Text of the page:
Of course, this absurd conclusion ignores two very relevant points: First, Americans are very generous people, possibly the most generous in the world. It is very difficult to imagine an America where churches and charities ignore starving people in the streets. Second, just because a household is "food insecure" doesn't mean that it struggles to buy food every day. In fact, households classified as having "very low food security" have trouble buying food a few times per month for 7 months out of the year. In other words, they're eating most of the time.

Nobody wants to see a person, particularly a child, go hungry -- even for a day. But, to characterize this as potential "mass starvation" is really inconsiderate of the millions of people in the world who are actually starving. Hyperbole only serves to downplay the seriousness of global poverty and starvation in the developing world.

Having said that, it is true that some Americans are very poor and should be receiving food stamps. 34.5% of low-income households (income less than 185 percent of the poverty line) were food insecure (PDF, page 10). While they may not exactly be facing Somalia-like starvation conditions, very few would argue against food assistance for these Americans.

By digging deeper into the numbers, however, one can find some very odd data. For instance, 7% of households with incomes above 185 percent of the poverty line were also food insecure (PDF, page 10). In 2011, the federal poverty line for a family of four was $22,811 (PDF, page 8), which means that 7% of families of four making at least $42,200 per year were considered food insecure. To be sure, $42K per year isn't wealthy; but these Americans shouldn't even be close to starving. One must wonder what role irresponsibility plays in whether or not a household is "food insecure."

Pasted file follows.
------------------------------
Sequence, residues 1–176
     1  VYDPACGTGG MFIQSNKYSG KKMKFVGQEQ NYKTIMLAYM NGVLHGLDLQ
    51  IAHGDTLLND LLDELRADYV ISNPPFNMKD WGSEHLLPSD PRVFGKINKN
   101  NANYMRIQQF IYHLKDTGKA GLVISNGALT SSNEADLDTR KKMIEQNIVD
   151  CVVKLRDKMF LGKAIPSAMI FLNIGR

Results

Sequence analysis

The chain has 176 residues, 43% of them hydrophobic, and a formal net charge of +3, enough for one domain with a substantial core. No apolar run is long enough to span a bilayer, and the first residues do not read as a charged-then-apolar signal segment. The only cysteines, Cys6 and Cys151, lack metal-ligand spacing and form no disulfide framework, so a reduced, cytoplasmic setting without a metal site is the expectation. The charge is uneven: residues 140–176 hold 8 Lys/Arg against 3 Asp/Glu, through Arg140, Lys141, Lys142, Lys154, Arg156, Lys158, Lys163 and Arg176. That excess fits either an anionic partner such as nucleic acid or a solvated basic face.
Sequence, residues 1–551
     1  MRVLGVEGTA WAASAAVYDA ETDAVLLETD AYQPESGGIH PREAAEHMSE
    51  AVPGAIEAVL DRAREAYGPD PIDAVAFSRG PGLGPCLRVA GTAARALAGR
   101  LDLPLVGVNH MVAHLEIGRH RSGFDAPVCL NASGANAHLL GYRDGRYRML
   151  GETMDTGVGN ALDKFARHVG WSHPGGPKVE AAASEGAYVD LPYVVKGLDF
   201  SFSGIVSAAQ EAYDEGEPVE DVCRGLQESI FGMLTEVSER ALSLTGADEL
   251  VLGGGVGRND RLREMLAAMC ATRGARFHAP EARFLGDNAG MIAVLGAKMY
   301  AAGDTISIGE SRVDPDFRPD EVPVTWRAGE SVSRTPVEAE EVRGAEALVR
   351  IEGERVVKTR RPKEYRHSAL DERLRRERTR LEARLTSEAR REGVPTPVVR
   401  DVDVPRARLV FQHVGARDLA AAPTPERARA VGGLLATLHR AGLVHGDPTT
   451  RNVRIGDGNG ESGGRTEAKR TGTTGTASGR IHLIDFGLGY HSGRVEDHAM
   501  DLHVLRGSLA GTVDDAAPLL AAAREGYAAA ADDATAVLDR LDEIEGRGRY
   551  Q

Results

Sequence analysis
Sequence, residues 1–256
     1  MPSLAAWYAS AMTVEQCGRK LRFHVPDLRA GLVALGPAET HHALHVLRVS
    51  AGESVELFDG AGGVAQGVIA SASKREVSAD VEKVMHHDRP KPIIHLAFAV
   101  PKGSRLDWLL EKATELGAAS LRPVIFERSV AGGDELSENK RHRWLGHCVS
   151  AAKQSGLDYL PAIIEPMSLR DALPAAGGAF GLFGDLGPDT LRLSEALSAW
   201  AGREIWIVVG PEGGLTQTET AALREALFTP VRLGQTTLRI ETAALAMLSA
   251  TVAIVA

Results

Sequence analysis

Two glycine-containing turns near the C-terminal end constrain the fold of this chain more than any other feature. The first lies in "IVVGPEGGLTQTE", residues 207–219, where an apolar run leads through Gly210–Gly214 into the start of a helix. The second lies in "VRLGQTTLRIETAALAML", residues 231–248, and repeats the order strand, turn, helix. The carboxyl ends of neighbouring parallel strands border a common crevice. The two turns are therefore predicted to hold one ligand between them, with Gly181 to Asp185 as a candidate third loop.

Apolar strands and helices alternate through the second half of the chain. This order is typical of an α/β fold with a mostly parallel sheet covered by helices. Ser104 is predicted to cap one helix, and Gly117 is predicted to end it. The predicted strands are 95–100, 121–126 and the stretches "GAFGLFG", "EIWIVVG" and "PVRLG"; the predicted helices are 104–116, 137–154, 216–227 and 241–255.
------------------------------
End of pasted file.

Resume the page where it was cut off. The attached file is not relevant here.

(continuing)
i_beat_anorexia.jpgSo, back to our original question: How can Americans be both obese and starving? Well, if by "starving" we actually mean "food insecure" and/or "improperly nourished," then the answer becomes a little clearer. There is a link between poverty and obesity. Most likely, this is because people in poverty eat cheap, unhealthy food. This is how poorly fed people can become obese.

However, it should be noted that cheap, healthy food is also available. Sure, poor people can't afford scientifically dubious organic produce

from Whole Foods, but, they can afford healthy food from regular grocery stores

and outlets. In fact, one website compiled a list of 55 healthy foods that can

be found for less than $1 per pound.

The reality in America is that nobody is "starving," at least not in the way most people understand the meaning of the word. Definitely, some people need food assistance and proper nourishment, but grossly exaggerating the problem, as Mr. Berg has, helps nobody in the long run.   

*Note: Only 44 states reported data on obesity in 1990, but it is unlikely that obesity rates were different in the remaining 6 states.

(Images: AP, Express, Ebaumsworld)